Make this Thanksgiving one to remember when you serve a Dry Brine Turkey! This is the easiest way to roast a whole turkey. With that being said, dry brining doesn’t cut any corners when it comes to flavor or tender, juicy results.

A whole roast turkey is presented on a platter.

Dry Brine Turkey

I may never go back to using traditional brine again. Now that I’ve made dry brine turkey, I just can’t go through the hassle of preparing it another way again! Essentially, you just toss together all of the dry brine ingredients in a small bowl. Then you coat the whole bird with that mixture and cook accordingly (scroll down to see more info on that easy process).

The point of dry brining the bird is to get the skin beautifully browned and crispy as can be, all while the meat gets juicy and tender while it bakes. While salt is a key ingredient in the dry brine (as it is with any brine), there are other ingredients that really make the dry brine mixture so amazing. Sugar, powdered buttermilk, herbs and seasonings come together to lend the very best flavor to the turkey.

You can learn all about the magic of dry brine HERE! After you’ve tasted how amazing this turkey is, you’ll be tempted to use dry brine year-round on various cuts of meat and I can’t blame you. It’s easy, inexpensive, and much less of a mess than traditional brining with liquid. And after all, we could all use a little less stress around the holidays!

A raw turkey with brine is placed on a baking sheet.

How to Make a Dry Brine Turkey

This really is the easiest way to prepare a Thanksgiving turkey. Scroll to the bottom of this page for more detailed ingredients and step-by-step instructions!

  1. Make the dry brine. Whisk everything together and either use immediately or store for later. It’ll stay good for up to 6 months, so feel free to make it ahead of time.
  2. Dry brine the turkey. Gently pat the turkey dry with paper towels, then place it on a baking sheet. Sprinkle the dry brine evenly all over the turkey and lightly press it to make sure it really sticks to the skin.
  3. Chill. Transfer the turkey to the fridge for 8-24 hours. Don’t cover it!
  4. Prepare for baking. When it’s time to roast the turkey, preheat the oven to 500°F. Move the turkey to a roasting pan. Discard any juices that may have gathered in the original pan. Stuff the cavity of the bird with aromatics and truss the legs together with some kitchen twine.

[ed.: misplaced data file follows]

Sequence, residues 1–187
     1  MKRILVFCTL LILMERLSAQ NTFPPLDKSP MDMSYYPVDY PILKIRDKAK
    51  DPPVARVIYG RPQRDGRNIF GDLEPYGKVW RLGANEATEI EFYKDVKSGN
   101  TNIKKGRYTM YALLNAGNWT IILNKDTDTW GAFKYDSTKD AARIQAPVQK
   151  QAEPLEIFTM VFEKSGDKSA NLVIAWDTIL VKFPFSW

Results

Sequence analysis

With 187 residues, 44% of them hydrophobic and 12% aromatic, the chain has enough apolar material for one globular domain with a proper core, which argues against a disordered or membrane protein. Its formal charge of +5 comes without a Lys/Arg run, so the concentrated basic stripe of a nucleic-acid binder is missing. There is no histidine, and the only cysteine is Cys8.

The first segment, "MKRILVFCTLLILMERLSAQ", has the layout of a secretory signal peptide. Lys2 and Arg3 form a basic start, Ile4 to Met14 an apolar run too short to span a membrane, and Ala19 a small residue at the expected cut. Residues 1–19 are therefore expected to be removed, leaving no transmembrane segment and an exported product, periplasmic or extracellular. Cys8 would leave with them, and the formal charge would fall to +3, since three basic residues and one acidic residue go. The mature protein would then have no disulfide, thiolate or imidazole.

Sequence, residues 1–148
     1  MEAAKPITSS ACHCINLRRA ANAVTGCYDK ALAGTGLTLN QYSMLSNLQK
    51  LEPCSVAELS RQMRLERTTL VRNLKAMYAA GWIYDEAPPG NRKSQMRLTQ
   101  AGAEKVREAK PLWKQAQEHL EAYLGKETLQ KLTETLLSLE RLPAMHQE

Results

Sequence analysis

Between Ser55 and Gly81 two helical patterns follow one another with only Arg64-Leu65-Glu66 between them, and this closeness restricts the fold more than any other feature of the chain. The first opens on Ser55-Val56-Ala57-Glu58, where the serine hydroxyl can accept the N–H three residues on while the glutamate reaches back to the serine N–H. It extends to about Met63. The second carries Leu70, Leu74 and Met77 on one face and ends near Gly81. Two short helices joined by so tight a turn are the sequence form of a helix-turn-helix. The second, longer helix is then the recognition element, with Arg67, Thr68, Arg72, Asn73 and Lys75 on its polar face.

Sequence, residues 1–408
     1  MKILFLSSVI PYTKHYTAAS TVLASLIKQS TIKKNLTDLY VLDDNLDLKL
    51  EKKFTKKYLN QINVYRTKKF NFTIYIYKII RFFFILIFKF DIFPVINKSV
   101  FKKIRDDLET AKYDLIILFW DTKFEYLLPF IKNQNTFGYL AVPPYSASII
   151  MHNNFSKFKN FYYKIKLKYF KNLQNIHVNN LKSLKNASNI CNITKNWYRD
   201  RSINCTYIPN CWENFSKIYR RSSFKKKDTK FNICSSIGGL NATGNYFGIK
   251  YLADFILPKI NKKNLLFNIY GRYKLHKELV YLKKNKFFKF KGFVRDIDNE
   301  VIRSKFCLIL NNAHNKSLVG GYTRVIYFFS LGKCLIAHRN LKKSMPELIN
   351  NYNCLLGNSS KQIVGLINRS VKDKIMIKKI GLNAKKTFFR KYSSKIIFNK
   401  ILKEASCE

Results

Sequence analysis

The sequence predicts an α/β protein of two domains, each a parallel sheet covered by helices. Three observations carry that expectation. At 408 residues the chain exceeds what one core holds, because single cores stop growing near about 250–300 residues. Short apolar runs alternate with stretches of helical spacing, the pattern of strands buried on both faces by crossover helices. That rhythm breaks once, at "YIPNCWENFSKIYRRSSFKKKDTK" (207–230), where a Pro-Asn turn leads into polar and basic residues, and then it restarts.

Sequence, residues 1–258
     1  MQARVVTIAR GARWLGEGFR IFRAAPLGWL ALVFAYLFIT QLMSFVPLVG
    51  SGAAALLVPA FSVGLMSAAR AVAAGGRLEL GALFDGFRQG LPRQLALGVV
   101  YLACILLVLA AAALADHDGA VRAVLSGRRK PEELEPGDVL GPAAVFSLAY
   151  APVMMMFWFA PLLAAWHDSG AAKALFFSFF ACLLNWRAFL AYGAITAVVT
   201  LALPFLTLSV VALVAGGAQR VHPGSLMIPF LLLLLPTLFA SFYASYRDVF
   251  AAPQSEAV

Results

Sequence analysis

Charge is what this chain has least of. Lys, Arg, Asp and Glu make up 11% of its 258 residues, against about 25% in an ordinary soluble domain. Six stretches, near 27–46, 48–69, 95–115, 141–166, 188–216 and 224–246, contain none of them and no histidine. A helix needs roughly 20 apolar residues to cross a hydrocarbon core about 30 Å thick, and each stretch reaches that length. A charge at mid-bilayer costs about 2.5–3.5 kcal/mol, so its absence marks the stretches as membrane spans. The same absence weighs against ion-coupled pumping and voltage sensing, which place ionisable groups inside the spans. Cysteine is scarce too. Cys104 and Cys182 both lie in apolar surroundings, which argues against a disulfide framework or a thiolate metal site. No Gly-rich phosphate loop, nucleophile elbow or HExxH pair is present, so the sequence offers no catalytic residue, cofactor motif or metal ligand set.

5. Roast the turkey. Pop the turkey in the oven and roast at 500°F for 30 minutes. Then, reduce the heat to 425°F. Continue roasting the turkey until a meat thermometer inserted into the thickest part of the thigh reads 165°F.
  6. Rest. Let the roast turkey rest for about 45 minutes before carving and serving.
A whole roast turkey is presented on a roasting pan.

How long should I dry brine my turkey?

Dry brine your turkey for a minimum of 8 hours and a max of 24 hours. I like to usually let mine brine for the full time, 24 hours, so it really soaks in the brine. It’s the best way to ensure flavorful and juicy results.

Do you remove the salt after dry brining a turkey?

Nope, there’s no need to rinse or pat the salt off of the turkey! The salt draws the moisture out of the turkey, which is what gives it the crispy skin. Juices will accumulate on your pan as it chills in the fridge and that’s okay – just discard of those juices once the brining time is over.

A whole roasted turkey is garnished and presented on a serving plate.

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A whole roasted turkey is garnished and presented on a serving plate.

Get the Recipe: Buttermilk Dry Brined Turkey Recipe

Easy and mess free, Dry Brine Turkey is tender, juicy and perfect every time. With hints of citrus and herbs, it's a home run for holidays and beyond. Use the leftover brine for pork, chicken and more.
4.50 from 2 votes


  • 1 1/2 cups Buttermilk Dry Brine
  • 12-14 pound turkey, patted dry and giblets removed

For the dry brine:

  • 1 cup powdered buttermilk
  • 1/4 cup kosher salt
  • 1/4 cup brown sugar
  • 1 tablespoon fresh ground pepper
  • 1 tablespoon garlic powder
  • 1 tablespoon onion powder
  • 1/2 tablespoon dry thyme
  • 1/2 tablespoon dry rosemary
  • 1 teaspoon smoked paprika


  • 1 roasting pan


  • Whisk together all the dry brine ingredients and transfer to an airtight container.
  • Store in the pantry for up do 6 months.
  • Pat the turkey dry with a paper towel and place on a baking sheet.
  • Sprinkle the dry brine evenly over the surface of the meat and lightly press it to ensure it sticks to the skin.
  • Transfer the turkey, uncovered, to the refrigerator for 8 hours or up to 24 hours.
  • When ready to roast, preheat the oven to 500˚ F.
  • Move the turkey to a clean roasting pan and discard any juices that accumulated on the original pan.
  • Stuff the cavity of the turkey with aromatics and truss by tying the legs together with kitchen twine.
  • Roast the turkey for 30 minutes, then reduce the heat to 425˚F. Continue roasting until the temperature reaches 165˚F in the thickest part of the thigh.
  • Allow the turkey to rest for 45 minutes before carving.


For best results, coat the turkey with the brine up to 48 hours in advance. Store in the refrigerator uncovered and then bring to room temperature before roasting.
Calories: 478kcal, Carbohydrates: 6g, Protein: 70g, Fat: 18g, Saturated Fat: 5g, Polyunsaturated Fat: 5g, Monounsaturated Fat: 6g, Trans Fat: 0.2g, Cholesterol: 232mg, Sodium: 2721mg, Potassium: 755mg, Fiber: 0.4g, Sugar: 5g, Vitamin A: 282IU, Vitamin C: 1mg, Calcium: 48mg, Iron: 3mg